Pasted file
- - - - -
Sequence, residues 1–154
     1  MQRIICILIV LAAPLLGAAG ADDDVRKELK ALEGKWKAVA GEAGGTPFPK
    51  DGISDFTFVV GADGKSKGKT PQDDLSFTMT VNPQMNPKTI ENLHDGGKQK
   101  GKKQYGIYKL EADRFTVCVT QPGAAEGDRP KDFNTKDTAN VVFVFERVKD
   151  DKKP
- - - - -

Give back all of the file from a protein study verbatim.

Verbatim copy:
Sequence, residues 1–154
     1  MQRIICILIV LAAPLLGAAG ADDDVRKELK ALEGKWKAVA GEAGGTPFPK
    51  DGISDFTFVV GADGKSKGKT PQDDLSFTMT VNPQMNPKTI ENLHDGGKQK
   101  GKKQYGIYKL EADRFTVCVT QPGAAEGDRP KDFNTKDTAN VVFVFERVKD
   151  DKKP